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U.S. Gets D+ For Infrastructure, Again

By Andrew Witzel

The American Society of Civil Engineers (ASCE) rated Americas infrastructure as a D+ in the last report card issued in 2013. Today they issued an updated report and again, the rating given was D+ with very little improvement shown over the past four years. In the report, their estimate to bring this score up to an adequate B- would be the investment of at least $4.59 trillion by the year 2025. Greg DiLoreto, chair of the ASCE’s Committee on America’s Infrastructure, had this to say:

To see real progress, we need to make long-term infrastructure investment a priority.

The report really is that bad and mediocre improvement over the last four years demonstrates just how low a priority this country’s infrastructure truly has become. The report estimates that each American family spends $3,400 in disposable income a year due to the poor infrastructure of roads, water works, and other utilities. Traffic fatalities increased by 7 percent from 2014 to 2015, with 35,092 people dying on America’s roads. Water systems are leaking trillions of gallons of drinking water each year due to water main breaks. There is also an estimated 2,000 dams that are at high risk of catastrophic failure.

In an address to Congress last week, Trump said he would pressure lawmakers to pass legislation that would produce $1 trillion in infrastructure investment and millions of new jobs. Current investment in infrastructure sits at approximately $2.3 trillion, and with another $1 trillion is still short by $1.3 trillion. A stronger committment is required from Congress if we are to repair or replace the failing and broken infrastructure in the country. The future of infrastructure does not look promising with a $54 billion military spending bill and a pending overhaul of the Affordable Care Act yet to be determined how costly it may be.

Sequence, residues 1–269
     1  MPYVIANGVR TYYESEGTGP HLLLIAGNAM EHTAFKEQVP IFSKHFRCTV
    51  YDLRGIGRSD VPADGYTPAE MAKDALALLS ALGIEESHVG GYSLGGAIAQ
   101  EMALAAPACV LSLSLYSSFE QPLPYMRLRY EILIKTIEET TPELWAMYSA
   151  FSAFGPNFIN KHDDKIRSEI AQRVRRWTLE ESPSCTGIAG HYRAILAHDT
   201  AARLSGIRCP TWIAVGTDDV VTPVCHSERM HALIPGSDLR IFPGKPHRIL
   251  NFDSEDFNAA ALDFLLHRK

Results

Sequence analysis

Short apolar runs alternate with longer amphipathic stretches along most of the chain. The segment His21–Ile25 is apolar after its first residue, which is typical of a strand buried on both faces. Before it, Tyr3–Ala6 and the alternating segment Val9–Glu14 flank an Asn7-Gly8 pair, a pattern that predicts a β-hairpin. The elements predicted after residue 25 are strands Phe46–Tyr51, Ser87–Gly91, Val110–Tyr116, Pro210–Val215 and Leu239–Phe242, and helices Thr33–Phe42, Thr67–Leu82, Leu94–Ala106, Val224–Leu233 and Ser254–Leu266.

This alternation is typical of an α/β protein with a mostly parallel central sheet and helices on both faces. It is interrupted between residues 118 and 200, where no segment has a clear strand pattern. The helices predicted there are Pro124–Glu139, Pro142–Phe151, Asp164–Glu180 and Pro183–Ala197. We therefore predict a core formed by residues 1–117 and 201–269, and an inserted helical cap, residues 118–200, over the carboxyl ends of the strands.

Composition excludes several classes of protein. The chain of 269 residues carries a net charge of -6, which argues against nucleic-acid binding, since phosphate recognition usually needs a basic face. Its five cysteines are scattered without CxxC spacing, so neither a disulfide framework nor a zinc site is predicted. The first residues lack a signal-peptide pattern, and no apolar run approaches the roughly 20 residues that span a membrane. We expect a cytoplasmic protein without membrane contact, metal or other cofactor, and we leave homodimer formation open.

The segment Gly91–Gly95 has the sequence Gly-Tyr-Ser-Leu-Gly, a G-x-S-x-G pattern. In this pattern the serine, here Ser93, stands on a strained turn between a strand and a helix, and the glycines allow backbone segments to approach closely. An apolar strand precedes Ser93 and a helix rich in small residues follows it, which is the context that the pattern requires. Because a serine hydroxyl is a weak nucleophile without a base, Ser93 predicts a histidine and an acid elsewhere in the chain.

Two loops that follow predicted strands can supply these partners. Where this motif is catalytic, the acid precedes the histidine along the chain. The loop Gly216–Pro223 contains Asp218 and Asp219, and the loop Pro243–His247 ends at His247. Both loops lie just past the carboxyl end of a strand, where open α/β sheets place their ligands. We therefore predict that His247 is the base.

The ASCE has an A-to-F grading of 16 infrastructure categories, with A being the top grade. Of the 16 the report measured, seven areas showed progress and three areas declined. Significant improvement was shown in the rail industry due to a significant spend of $27.1 billion in 2015, which received a B. Conversely, continued decline in rail and bus systems that are consistently underfunded, are facing a $90 billion rebuilding backlog.

Americas drinking water systems have been attracted wide-spread notice, but are still ranked D in the report. Water main breaks waste more than 2 trillion gallons of treated drinking water per year and monitoring of legacy and emerging contaminants still is not being done in most states. In many of the older cities, primarily on the east coast, pipes are close to or have exceeded their estimated 75 to 100 year lifespans. Adding to this is the presence of lead pipes in older homes all across the country, the problem is getting much worse at an exponential pace.

The future of our country depends on the reliability and safety of our own infrastructure systems. Continuing to be one of the most powerful countries in the world will become increasingly more difficult if we can’t sustain our home land. It’s time to start deciding if its more important to have a larger military and modernized nuclear arsenals or have a country where the citizens are happy, safe and living comfortably.

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About Andrew (69 Articles)
I'm a middle aged tech geek with a passion for computers, technology, politics and all the bits in the middle between 0 and 1. I am what could be considered a moderate progressive and like to consider all sides of a debate before taking a position.

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